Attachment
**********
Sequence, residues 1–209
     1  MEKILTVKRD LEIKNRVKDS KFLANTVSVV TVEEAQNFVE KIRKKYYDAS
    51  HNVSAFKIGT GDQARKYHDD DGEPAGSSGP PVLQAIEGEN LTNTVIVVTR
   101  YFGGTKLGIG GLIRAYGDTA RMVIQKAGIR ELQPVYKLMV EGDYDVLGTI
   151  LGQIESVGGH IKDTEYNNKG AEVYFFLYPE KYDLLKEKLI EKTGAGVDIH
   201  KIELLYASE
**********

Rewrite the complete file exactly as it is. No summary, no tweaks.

Sequence, residues 1–209
     1  MEKILTVKRD LEIKNRVKDS KFLANTVSVV TVEEAQNFVE KIRKKYYDAS
    51  HNVSAFKIGT GDQARKYHDD DGEPAGSSGP PVLQAIEGEN LTNTVIVVTR
   101  YFGGTKLGIG GLIRAYGDTA RMVIQKAGIR ELQPVYKLMV EGDYDVLGTI
   151  LGQIESVGGH IKDTEYNNKG AEVYFFLYPE KYDLLKEKLI EKTGAGVDIH
   201  KIELLYASE